Historical Term: Calvinism

Calvinism: Branch of Protestantism founded on the teaching of the French reformer Jean Chauvin (1509-64), known as Calvin from the Latin form of his name. Calvin gave the first systematic justification of Protestantism in Institutes of the Christian Religion (1536) and thus became the intellectual leader of the Reformation. Calvinism is marked by its dogma of predestination, the belief that God has unalterably destined some souls to salvation and others to eternal damnation. Its harsh, logical beliefs inspired English Puritans, French Huguenots and some of the Dutch in their fight against the domination of Catholic Spain. The sect has been established in the Reformed or Presbyterian churches of France, Holland, and Scotland; Calvinist rule was also ruthlessly enforced under Calvin himself in Geneva by the Consistorium. The Calvinist beliefs that labor is a command of God and material success a mark of his favor—contradicting the medieval ideas of the virtue of poverty and the evil of usury—may have contributed to the rise of capitalism.”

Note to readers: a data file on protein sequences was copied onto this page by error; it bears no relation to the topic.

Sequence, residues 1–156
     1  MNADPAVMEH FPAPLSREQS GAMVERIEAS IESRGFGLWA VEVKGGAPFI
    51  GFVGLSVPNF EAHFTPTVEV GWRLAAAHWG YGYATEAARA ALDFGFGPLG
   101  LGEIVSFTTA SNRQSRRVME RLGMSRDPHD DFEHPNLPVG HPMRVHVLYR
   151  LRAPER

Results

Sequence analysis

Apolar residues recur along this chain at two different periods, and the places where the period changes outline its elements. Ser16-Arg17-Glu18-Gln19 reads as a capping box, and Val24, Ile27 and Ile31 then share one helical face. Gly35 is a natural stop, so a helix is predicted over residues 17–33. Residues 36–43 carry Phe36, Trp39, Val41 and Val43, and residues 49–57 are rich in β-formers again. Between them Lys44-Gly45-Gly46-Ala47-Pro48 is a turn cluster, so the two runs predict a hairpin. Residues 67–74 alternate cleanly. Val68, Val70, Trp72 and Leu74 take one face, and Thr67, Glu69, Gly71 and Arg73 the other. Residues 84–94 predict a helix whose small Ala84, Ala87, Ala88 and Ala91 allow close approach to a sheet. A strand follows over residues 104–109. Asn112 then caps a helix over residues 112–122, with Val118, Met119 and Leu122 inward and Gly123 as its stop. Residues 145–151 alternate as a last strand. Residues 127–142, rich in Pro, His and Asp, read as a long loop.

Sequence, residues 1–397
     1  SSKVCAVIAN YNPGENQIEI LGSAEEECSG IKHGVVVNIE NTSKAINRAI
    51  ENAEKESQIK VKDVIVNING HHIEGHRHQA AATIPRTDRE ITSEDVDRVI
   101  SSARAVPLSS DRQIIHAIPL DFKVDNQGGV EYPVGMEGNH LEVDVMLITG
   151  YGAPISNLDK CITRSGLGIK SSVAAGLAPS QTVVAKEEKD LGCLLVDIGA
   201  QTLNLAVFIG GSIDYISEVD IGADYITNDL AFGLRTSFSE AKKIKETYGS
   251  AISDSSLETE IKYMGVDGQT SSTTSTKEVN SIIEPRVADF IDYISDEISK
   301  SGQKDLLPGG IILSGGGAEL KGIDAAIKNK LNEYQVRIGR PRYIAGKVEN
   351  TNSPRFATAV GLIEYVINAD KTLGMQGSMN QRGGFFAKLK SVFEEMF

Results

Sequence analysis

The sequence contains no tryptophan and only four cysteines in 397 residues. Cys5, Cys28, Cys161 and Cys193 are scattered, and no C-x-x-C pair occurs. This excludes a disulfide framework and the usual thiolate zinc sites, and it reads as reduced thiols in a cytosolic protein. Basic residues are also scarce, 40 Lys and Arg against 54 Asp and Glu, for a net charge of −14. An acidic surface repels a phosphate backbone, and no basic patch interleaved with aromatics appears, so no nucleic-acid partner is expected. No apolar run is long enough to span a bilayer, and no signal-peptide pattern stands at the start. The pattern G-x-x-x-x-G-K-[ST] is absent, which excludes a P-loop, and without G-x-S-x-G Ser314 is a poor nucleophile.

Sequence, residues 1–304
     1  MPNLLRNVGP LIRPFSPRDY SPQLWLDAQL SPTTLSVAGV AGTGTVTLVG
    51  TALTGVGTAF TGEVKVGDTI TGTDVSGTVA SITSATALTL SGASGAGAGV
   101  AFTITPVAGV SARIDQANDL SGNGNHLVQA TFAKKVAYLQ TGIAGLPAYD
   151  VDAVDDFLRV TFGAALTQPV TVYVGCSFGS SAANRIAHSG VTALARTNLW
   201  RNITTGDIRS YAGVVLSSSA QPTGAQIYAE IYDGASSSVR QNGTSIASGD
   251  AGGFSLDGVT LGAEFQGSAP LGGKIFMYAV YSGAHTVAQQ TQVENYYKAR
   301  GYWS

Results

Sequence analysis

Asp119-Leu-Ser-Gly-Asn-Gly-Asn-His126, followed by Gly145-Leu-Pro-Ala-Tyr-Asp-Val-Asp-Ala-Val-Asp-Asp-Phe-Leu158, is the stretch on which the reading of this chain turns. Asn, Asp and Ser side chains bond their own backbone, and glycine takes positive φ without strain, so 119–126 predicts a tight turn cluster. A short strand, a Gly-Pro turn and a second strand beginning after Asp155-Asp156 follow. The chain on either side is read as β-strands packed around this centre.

Excerpted from: Cook, Chris. Dictionary of Historical Terms. New York: Gramercy, 1998.

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